Our analysis shows the following key issues need to be addressed in support of a sustainable NHS provider sector, well placed to play its role in delivering the long term plan. Trusts need:
- Realism about the scale of the challenges facing the NHS, underpinned by an informed public debate on its future direction
The long term plan rightly sets out an ambitious vision for the NHS over the next ten years, but transformation at scale will take time and investment beyond the additional funding government has provided. As demand for services grows, current models of delivery are strained. Public satisfaction with the NHS is falling and many of the standards in the NHS constitution have not been delivered for some time. 91% of respondents to our survey said we need more public debate about the future direction of the NHS. Trust leaders would therefore welcome:
- continued support from the national bodies, particularly NHS England and NHS Improvement, in making the case for sufficient and timely investment in the NHS to support the ambition of more integrated, personalised care
- engagement from politicians in an open and informed public debate about the future direction of the health service, what it is expected to deliver and the level of investment required to ensure its sustainability
- renewed political commitment to ensure a sustainable social care system.
- A funded, credible NHS people plan
Only 29% of respondents were confident that their trust has the right numbers, quality and mix of staff in place to deliver high quality healthcare to patients and service users, and almost six in 10 (59%) were worried this was not in place. The interim people plan has been a positive step forward in prioritising and addressing these issues, however, solutions to longstanding issues in workforce planning will take time. The main barriers can be overcome by:
- focusing nationally, regionally and locally on culture and modelling positive, inclusive leadership behaviours at all levels of the system
- a significant increase in national funding to train up more people with the right skills, with an eye on new and more integrated roles
- a flexible immigration system that ensures that trusts can continue to recruit all the staff that local services need, now and in the future.
- Clarity around the quality standards the public can expect from the NHS, with the underpinning resources for trusts and their partners to deliver them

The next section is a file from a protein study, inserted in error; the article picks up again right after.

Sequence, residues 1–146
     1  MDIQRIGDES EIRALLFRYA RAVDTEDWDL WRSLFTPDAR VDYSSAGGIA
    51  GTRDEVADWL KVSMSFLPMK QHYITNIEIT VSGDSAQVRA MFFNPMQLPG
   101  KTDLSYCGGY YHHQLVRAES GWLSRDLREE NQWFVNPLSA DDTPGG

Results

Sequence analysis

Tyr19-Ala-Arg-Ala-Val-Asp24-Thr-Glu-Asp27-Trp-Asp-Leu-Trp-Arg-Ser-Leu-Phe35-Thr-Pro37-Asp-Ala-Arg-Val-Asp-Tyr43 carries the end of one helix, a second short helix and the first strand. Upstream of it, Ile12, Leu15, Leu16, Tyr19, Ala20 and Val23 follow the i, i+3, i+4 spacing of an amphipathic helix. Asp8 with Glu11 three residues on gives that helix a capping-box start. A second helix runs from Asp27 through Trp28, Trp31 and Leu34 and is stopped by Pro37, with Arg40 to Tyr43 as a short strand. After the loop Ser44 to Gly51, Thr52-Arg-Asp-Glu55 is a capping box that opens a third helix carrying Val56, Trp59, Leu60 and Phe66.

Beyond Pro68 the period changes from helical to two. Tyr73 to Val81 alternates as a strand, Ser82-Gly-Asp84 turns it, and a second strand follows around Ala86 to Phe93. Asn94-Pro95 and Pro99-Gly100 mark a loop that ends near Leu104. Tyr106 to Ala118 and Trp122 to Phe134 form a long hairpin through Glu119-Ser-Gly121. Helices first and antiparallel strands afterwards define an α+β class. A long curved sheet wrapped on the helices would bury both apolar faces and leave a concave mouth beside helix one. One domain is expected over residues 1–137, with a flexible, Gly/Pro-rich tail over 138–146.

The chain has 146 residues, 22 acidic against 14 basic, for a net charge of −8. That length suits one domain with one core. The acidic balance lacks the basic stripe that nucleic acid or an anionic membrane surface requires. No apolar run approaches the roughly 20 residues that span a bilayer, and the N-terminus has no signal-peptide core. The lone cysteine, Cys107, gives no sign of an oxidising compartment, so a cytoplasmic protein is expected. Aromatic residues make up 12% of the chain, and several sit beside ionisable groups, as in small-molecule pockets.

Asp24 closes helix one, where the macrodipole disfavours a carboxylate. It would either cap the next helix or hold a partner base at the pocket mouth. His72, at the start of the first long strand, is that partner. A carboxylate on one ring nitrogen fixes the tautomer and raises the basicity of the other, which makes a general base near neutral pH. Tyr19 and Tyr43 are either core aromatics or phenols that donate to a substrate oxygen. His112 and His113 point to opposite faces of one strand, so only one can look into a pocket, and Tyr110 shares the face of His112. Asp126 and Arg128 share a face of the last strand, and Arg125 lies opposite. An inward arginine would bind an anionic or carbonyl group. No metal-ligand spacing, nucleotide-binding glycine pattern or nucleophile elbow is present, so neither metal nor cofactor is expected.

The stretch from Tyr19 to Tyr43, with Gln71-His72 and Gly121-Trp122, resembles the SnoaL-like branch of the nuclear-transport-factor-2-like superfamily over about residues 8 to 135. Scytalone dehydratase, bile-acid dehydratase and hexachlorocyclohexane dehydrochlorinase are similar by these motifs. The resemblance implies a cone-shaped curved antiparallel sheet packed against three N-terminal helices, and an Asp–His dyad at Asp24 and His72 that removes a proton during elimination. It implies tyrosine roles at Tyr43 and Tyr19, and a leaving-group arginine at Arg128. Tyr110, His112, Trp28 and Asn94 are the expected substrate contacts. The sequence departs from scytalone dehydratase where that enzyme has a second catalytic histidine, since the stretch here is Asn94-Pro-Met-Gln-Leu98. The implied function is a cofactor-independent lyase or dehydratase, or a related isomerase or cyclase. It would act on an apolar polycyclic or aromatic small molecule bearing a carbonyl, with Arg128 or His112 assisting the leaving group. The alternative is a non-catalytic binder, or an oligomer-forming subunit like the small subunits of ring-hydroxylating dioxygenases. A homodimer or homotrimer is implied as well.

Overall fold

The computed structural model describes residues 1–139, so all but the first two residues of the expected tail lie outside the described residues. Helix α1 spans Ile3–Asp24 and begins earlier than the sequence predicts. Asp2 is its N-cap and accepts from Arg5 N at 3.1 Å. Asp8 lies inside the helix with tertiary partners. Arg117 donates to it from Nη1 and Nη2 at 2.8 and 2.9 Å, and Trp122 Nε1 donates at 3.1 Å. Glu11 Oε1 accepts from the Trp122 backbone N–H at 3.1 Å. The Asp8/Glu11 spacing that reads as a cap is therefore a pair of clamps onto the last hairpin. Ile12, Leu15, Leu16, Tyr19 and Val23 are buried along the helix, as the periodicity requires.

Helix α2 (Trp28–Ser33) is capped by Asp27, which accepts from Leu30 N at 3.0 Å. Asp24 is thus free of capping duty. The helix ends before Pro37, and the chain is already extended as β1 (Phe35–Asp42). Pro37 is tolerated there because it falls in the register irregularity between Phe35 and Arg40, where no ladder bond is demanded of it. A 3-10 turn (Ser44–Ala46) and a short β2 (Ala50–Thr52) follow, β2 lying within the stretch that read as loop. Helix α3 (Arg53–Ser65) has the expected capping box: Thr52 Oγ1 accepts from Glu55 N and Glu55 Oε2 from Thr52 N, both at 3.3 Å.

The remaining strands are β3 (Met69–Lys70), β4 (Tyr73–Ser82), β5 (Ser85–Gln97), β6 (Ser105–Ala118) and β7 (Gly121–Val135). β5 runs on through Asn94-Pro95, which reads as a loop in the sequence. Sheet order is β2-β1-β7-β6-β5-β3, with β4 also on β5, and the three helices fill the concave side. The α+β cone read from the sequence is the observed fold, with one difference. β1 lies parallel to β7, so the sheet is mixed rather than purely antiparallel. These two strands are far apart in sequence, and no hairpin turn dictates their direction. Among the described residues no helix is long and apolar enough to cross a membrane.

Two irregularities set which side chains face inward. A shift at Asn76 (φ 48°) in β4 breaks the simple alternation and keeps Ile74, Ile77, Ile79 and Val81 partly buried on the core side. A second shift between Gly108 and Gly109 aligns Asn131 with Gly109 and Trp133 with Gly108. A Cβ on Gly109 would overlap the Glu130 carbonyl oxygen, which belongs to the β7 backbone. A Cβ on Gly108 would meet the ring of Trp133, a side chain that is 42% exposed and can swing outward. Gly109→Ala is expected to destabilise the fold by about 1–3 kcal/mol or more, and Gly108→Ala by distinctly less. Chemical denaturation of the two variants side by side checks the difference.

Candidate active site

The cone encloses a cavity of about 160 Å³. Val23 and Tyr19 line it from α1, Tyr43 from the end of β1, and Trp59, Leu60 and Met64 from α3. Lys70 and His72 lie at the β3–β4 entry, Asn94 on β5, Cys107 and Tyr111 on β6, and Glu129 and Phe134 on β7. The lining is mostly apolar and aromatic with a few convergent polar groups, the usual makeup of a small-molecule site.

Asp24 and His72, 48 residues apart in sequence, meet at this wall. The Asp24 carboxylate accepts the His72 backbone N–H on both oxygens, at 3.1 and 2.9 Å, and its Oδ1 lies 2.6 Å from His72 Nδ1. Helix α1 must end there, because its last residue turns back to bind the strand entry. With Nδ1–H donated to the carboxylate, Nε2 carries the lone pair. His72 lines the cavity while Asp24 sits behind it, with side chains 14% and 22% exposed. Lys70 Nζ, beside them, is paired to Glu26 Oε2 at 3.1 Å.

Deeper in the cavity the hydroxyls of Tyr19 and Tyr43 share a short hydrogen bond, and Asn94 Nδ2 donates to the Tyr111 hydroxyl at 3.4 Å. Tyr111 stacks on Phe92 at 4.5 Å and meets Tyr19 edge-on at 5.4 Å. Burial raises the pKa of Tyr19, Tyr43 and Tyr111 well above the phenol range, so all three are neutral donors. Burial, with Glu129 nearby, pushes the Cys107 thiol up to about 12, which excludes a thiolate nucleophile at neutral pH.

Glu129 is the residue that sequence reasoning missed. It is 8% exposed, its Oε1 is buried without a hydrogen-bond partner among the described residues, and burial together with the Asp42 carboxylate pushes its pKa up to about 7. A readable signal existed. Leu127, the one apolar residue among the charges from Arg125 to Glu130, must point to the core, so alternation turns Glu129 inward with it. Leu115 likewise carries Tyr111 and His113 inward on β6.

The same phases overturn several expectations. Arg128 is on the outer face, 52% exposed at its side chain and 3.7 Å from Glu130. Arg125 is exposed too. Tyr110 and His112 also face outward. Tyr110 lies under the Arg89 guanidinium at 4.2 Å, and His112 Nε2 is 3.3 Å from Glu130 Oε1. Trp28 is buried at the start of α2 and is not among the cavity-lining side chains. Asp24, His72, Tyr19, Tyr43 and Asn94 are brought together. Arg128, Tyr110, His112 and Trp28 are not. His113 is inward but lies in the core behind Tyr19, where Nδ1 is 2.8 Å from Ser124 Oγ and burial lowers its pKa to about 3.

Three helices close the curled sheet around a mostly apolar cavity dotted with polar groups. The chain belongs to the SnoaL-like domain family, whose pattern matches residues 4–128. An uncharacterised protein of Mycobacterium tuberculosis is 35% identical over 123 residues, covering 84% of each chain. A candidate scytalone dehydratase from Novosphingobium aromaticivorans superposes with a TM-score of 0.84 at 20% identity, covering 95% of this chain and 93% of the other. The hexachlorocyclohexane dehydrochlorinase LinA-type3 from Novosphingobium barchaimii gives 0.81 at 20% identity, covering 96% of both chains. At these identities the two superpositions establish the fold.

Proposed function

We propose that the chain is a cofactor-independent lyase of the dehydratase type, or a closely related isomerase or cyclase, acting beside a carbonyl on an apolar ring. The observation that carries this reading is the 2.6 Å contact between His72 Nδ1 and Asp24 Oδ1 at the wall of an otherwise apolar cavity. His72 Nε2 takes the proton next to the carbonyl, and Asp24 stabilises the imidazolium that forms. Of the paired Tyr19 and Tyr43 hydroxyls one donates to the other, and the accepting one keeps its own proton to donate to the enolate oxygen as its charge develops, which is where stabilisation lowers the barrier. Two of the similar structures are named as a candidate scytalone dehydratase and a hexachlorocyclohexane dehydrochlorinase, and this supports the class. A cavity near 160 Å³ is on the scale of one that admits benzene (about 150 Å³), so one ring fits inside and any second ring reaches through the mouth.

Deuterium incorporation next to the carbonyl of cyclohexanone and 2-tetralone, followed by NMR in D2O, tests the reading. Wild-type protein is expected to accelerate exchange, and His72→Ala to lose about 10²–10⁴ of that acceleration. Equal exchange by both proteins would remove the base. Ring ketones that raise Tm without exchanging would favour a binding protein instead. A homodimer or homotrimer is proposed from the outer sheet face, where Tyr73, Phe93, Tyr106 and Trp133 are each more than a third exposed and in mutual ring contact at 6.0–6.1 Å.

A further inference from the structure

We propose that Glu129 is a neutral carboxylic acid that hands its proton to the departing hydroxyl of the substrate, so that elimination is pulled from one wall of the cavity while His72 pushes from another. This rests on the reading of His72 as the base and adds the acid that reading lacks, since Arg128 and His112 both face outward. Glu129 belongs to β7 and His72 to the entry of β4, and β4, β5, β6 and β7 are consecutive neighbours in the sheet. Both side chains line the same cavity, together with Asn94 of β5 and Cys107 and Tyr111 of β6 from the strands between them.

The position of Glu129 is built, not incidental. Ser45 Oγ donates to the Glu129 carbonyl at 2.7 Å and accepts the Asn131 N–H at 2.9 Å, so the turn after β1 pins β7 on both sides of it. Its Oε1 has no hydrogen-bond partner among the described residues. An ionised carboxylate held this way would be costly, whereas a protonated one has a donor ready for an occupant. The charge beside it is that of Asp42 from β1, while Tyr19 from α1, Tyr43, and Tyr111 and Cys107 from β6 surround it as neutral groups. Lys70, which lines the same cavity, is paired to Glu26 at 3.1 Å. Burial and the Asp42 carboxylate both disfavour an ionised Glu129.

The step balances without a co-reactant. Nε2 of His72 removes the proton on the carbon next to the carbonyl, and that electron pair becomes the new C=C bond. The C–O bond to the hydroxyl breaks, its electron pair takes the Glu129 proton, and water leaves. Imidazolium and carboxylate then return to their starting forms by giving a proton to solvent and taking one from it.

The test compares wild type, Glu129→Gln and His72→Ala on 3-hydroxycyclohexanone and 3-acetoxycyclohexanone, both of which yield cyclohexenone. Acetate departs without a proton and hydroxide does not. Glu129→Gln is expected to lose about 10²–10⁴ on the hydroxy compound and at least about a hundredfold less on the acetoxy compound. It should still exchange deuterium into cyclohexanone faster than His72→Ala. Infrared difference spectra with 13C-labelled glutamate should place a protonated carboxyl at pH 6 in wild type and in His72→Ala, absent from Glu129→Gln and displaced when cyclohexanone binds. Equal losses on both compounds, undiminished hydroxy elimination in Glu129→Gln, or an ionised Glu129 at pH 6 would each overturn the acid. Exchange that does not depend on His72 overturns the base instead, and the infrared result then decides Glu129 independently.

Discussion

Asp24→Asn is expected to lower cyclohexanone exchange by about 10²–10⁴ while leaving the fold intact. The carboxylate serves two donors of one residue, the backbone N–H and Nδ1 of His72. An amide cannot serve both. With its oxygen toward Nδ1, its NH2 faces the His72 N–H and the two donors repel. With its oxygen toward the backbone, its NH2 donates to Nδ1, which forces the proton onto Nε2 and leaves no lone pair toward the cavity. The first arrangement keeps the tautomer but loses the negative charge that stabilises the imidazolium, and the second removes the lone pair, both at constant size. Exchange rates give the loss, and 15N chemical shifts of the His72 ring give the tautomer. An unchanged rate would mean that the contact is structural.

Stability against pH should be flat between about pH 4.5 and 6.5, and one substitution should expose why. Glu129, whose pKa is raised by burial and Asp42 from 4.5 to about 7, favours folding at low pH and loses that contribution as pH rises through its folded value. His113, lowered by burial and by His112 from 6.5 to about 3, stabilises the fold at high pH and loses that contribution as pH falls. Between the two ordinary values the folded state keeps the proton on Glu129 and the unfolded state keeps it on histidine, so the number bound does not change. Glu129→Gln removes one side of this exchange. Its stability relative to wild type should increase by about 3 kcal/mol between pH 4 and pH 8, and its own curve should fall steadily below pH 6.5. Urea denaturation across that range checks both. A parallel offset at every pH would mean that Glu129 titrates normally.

Despite trusts working flat out, the NHS has missed all its key performance targets over the last four years. Although trusts were positive about the quality of care they provide, concern about demand featured strongly in our survey, with 61% of respondents saying they were worried about whether their trust had the capacity to meet demand for services over the next 12 months. High quality, and safe care in the NHS can be supported by:
- a focus on developing open, ‘no blame’ cultures by trust boards in line with the national patient safety strategy, with investment in quality improvement methodologies
- ensuring learning from the clinical review of access standards is central to a debate with government, politicians, healthcare bodies, clinicians and the public about the funding required to ensure the health and care sector can meet the public’s expectations.
- Whole system investment
Despite the £20.5bn funding settlement, and welcome commitment to return the provider sector to balance by 2023/34, only 35% of respondents thought their trust’s financial performance would improve over the next 12 months, with 23% predicting it would deteriorate. For the NHS to thrive and derive maximum value from the additional money it has received, there needs to be:
- a multi-year capital settlement which brings investment in the NHS in line with comparable western countries; and a streamlined approach for providers to access capital
- sufficient funding for public health and a sustainable social care system supported by a long term funding settlement.
- Support for integrated care and system working
The long term plan places system working at the heart of work to improve care quality and sustainability. However, the measures set out in the plan are ambitious and will pose challenges in areas where relationships between NHS organisations and other stakeholders are less well developed. Only 29% of respondents were confident that transformation activity in their local system would progress as well as it needed to over the next 12 months to deliver the plan’s aspirations. Ensuring the success of system working relies on:
- maintaining good governance as local health and care systems evolve, ensuring proposed changes to legislation are developed with the sector
- holding trusts and local system partners to account through proportionate and efficient regulation and oversight which is aligned with the new model of system working
- ensuring trusts have access to the investment and support they need to take advantage of new technologies and innovations to transform care.